We wish to express our indebtedness to our former teacher Theodore Weber, who has exerted a fundamental influence on our understanding of just war theory as a political ethic.
JUST WAR THEORIES RECONSIDERED: Problems with Prima Facie Duties and the Need for a Political Ethic
Version of Record online: 4 FEB 2005
Journal of Religious Ethics
Volume 33, Issue 1, pages 119–137, March 2005
How to Cite
Baer, H. D. and Capizzi, J. E. (2005), JUST WAR THEORIES RECONSIDERED: Problems with Prima Facie Duties and the Need for a Political Ethic. Journal of Religious Ethics, 33: 119–137. doi: 10.1111/j.0384-9694.2005.00185.x
- Issue online: 4 FEB 2005
- Version of Record online: 4 FEB 2005
- just war;
- Paul Ramsey;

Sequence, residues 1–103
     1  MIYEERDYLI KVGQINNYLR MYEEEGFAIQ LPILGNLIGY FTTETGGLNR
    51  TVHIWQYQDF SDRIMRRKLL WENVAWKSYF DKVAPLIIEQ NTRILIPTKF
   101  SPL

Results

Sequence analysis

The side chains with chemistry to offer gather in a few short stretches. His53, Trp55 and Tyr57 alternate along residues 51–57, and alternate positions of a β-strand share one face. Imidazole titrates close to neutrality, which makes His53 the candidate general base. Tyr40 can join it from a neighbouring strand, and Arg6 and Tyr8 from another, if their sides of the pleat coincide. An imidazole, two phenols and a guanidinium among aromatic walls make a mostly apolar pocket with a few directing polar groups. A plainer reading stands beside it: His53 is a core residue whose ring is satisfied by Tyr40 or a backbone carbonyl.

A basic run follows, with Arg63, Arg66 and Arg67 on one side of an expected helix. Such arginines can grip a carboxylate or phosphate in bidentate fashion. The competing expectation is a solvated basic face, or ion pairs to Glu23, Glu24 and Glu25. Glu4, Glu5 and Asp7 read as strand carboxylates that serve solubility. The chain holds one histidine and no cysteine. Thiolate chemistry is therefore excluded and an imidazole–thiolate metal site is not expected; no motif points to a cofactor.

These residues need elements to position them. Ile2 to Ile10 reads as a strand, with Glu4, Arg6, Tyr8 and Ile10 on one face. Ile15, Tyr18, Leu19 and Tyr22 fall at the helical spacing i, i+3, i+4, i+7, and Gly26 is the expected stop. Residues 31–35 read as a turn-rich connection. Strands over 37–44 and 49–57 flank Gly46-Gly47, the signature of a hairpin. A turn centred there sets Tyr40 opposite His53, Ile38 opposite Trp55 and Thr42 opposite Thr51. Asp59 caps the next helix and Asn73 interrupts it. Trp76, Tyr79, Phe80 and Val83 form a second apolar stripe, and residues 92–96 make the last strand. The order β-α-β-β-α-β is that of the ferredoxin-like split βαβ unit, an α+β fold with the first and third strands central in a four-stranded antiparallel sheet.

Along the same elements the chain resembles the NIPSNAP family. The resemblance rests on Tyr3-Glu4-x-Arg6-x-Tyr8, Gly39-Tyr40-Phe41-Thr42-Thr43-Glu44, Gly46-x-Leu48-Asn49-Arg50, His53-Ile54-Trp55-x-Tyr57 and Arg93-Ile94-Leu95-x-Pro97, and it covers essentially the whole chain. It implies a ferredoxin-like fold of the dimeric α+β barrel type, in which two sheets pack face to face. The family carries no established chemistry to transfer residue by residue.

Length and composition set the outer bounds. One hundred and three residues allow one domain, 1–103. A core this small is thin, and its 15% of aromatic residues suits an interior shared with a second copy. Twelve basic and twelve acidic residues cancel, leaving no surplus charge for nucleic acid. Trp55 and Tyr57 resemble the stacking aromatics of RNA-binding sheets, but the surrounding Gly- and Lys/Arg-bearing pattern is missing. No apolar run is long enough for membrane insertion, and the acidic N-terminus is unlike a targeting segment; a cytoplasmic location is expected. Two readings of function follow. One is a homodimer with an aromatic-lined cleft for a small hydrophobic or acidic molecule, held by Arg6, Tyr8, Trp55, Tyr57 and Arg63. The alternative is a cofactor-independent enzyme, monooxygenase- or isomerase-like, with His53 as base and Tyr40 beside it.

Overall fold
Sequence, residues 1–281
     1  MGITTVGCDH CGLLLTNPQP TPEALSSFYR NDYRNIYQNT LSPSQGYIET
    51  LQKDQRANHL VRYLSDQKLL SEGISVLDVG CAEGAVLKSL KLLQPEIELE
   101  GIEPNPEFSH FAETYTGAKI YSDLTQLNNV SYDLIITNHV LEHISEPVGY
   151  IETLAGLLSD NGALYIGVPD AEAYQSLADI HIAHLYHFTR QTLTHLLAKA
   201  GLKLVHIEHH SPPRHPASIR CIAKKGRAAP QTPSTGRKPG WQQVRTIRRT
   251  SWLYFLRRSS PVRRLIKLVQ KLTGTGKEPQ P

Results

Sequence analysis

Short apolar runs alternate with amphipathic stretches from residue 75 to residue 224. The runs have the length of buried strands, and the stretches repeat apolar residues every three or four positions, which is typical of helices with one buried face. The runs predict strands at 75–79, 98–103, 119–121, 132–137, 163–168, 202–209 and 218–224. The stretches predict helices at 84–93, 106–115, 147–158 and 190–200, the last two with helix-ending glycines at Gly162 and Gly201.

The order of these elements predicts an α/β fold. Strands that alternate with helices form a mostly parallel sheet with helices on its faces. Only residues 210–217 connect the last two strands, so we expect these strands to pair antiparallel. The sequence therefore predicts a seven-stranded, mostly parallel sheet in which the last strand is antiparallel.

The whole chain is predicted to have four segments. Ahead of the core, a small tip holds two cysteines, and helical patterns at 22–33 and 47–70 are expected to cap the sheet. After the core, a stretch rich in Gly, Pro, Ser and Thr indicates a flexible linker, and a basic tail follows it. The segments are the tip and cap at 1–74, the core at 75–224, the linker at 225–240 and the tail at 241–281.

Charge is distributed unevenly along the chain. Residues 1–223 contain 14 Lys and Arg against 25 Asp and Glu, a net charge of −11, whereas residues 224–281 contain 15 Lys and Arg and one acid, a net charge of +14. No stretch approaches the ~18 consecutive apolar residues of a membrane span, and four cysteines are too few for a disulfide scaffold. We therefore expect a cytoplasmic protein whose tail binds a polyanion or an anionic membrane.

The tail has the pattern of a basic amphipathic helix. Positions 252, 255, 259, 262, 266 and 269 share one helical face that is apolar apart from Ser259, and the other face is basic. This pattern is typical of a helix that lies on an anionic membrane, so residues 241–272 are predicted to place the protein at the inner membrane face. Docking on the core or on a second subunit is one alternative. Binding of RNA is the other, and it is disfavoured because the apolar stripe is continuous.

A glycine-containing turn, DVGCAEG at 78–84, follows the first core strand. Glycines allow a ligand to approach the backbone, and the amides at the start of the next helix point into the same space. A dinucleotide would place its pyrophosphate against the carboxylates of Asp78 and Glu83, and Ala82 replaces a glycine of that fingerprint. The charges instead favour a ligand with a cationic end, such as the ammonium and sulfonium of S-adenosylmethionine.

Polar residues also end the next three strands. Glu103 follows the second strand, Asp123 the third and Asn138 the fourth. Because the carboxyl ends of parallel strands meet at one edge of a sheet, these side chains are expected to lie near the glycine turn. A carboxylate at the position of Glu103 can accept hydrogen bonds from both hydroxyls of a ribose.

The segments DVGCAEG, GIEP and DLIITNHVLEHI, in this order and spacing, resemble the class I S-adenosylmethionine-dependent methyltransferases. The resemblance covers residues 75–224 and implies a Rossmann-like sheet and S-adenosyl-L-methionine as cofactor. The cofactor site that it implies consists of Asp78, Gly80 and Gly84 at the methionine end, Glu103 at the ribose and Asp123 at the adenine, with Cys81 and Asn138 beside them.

- James Childress;
- just intention;
- noncombatant immunity
This essay challenges a “meta-theory” in just war analysis that purports to bridge the divide between just war and pacifism. According to the meta-theory, just war and pacifism share a common presumption against killing that can be overridden only under conditions stipulated by the just war criteria. Proponents of this meta-theory purport that their interpretation leads to ecumenical consensus between “just warriors” and pacifists, and makes the just war theory more effective in reducing recourse to war. Engagement with the new meta-theory reveals, however, that these purported advantages are illusory, made possible only by ignoring fundamental questions about the nature and function of political authority that are crucial to all moral reflection on the problem of war.